This IBA consists of the farm Alexpan, which lies c. 20 km north-east of Harrismith and at an altitude of between 1 760 and 1 840 m a.s.l. It falls within the Mesic Highveld Grassland bioregion of the Grassland Biome and specifically within the Eastern Free State Sandy Grassland vegetation type, which is under threat and is listed as Endangered. It is poorly protected with only 55.3% intact.
Most of the terrestrial habitat has been transformed and is now arable land and old fields with pasture grass. The natural wetlands are small ephemeral pans and there are also a few artificial wetlands (farm dams). In the north-western corner of the farm, near the district road, there is a shallow dam of c. 7.5 ha in extent, and six smaller ones (< 2 ha) occur on various other drainage lines. Although small in size, Alexpan holds water more regularly and for longer than the other local pans do. It therefore provides wet habitat for crane species for a longer period. Extending the boundaries of this IBA, to include more trigger species and intact habitat, will be investigated in the coming years.
At least 101 bird species have been recorded for the Alexpan IBA. This is one of the few places where Wattled Crane Bugeranus carunculatus, Grey Crowned Crane Balearica regulorum and Blue Crane Anthropoides paradiseus occur together, although they are not present in large numbers. The globally threatened Cape Vulture Gyps coprotheres and regionally threatened Abdim’s Stork Ciconia abdimii have occasionally been recorded in the IBA. Yellow-breasted Pipit Hemimacronyx chloris, which is both globally and regionally vulnerable, has been recorded in the surrounding areas but not in Alexpan. The adjoining grasslands hold Southern Bald Ibis Geronticus calvus and are excellent habitat for Rudd’s Lark Heteromirafra ruddi and Botha’s Lark Spizocorys fringillaris. Near-endemic and endemic species occurring in this IBA are Jackal Buzzard Buteo rufofuscus, Grey-winged Francolin Scleroptila africana and Pied Starling Lamprotornis bicolor.
Globally threatened species are Blue Crane, Grey Crowned Crane, Southern Bald Ibis, Blue Korhaan Eupodotis caerulescens, Wattled Crane, Maccoa Duck Oxyura maccoa and Rudd’s Lark.
The sungazer lizard Smaug giganteus occurs in some of the farm’s grassland areas.
Alexpan lies in a region of commercial farmland where much of the natural grassland is used for grazing sheep and cattle and the remaining land is under cultivation. Fire is a significant hazard in IBAs in the Highveld grasslands and is one of the most serious threats to this IBA. Fires are frequent, can occur annually (from mid-winter to October) and are poorly managed in the region. When they burn at inappropriate times of the year, such as in early spring, they have a negative impact on breeding grassland birds.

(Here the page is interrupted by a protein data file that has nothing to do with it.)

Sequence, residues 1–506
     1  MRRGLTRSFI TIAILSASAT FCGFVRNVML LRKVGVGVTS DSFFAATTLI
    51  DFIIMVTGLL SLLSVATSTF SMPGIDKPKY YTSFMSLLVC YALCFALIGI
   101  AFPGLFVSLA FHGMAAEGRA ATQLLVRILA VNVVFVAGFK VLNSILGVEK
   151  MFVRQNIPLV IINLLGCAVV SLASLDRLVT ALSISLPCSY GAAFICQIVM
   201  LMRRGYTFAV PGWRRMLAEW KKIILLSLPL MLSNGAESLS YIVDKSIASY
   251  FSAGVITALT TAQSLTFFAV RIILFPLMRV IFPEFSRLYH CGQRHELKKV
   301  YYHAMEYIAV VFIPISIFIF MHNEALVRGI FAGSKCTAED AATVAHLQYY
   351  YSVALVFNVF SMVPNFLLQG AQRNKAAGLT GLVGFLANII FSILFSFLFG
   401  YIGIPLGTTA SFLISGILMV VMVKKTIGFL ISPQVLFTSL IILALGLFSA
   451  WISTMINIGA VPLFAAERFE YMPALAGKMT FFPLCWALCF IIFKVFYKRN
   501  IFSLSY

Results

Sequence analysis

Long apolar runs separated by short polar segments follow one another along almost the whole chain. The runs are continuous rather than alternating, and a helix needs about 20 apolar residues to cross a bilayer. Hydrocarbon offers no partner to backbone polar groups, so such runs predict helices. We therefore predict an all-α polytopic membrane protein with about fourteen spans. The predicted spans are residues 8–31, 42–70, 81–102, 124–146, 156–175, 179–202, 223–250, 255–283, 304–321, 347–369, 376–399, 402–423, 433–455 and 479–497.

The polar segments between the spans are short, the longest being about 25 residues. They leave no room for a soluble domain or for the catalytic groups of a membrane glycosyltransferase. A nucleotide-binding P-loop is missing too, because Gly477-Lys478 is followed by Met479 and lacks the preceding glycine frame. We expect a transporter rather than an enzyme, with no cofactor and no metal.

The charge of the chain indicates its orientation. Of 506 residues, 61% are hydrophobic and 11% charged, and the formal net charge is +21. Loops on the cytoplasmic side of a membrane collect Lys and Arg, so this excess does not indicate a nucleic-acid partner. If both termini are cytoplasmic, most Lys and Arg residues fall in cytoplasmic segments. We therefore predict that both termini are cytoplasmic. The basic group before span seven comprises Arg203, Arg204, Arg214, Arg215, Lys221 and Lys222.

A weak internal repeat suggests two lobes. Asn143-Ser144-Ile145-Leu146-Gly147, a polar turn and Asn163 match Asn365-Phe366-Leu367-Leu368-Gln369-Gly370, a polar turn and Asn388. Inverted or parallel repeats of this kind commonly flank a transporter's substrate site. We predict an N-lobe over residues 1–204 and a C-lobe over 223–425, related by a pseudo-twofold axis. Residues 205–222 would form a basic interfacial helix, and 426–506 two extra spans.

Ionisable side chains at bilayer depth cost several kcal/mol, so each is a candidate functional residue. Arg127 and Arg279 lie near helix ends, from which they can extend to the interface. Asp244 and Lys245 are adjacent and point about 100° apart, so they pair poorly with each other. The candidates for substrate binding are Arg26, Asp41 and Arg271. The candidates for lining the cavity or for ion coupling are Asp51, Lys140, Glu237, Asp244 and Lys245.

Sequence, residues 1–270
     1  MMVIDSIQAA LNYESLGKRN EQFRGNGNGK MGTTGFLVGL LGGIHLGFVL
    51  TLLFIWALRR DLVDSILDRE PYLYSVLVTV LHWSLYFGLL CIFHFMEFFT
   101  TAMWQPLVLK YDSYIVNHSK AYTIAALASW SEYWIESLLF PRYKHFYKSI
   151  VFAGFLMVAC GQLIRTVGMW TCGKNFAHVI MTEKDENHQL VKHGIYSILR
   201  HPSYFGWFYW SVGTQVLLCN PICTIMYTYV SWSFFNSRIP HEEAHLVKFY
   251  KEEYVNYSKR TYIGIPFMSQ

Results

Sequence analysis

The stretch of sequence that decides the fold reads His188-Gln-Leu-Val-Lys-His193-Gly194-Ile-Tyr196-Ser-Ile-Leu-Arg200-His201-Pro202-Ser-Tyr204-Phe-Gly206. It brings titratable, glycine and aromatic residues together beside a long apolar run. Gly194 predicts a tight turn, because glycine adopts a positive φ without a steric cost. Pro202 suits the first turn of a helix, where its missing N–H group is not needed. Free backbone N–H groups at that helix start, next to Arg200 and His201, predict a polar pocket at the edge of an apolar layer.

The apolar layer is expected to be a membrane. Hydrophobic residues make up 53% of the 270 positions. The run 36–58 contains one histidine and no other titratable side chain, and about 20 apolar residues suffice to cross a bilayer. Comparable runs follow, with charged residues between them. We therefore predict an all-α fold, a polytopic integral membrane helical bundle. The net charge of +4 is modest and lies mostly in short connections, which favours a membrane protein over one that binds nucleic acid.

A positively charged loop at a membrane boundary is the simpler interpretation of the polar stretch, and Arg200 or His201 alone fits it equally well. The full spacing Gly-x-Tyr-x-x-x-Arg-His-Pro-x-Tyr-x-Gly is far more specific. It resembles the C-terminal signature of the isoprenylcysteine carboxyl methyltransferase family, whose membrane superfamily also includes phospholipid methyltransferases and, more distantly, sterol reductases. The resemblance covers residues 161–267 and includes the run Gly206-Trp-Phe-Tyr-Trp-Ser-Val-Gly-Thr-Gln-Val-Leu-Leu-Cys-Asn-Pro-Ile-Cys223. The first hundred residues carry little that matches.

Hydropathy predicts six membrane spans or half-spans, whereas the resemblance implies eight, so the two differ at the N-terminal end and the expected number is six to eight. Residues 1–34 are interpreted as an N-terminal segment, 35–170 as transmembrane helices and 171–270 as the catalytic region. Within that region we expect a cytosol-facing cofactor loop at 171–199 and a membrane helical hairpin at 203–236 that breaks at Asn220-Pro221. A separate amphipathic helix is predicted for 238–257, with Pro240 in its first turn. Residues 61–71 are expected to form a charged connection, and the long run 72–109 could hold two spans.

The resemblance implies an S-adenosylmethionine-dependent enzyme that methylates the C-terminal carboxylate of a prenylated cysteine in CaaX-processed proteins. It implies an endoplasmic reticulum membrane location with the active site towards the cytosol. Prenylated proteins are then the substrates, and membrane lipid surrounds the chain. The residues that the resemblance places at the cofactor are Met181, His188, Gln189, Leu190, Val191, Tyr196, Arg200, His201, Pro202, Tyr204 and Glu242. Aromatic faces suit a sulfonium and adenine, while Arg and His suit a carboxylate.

The N3 road extension will pass the IBA within a few kilometres of the farmhouse. The building of it may increase potential future threats such as disturbance during construction and quarrying for material, as well as road kills.
Coalbed methane extraction is proposed for the Memel and Vrede region, but does not extend to the Alexpan area at this stage. There is an existing Technical Cooperation Permit for the north-eastern section of the Free State, including Harrismith and this IBA, for petroleum (shale gas) exploration, which is likely to be by means of hydraulic fracturing (fracking). There is, therefore, a potential threat of petroleum mining/fracking over the medium term.
Hunting the chicks of the larger trigger species has a direct impact on populations and is a significant threat.
The IBA is unprotected and does not have a conservation-orientated management plan. Biodiversity monitoring is limited, although the EWT is monitoring the sungazer lizard.
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Colahan BD. 1990. Cranes wintering in the Harrismith District, O.F.S. Mirafra 7: 109–111.
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Nuttall RJ. 1995. Sightings of interest – Free State region. Mirafra 12: 12–15.
Stoltz LP, Geyser B. 1973. The distribution of ibises in the Orange Free State with reference to the status of the Bald Ibis. Unpublished report. Dept. of Nature Conservation, Bloemfontein.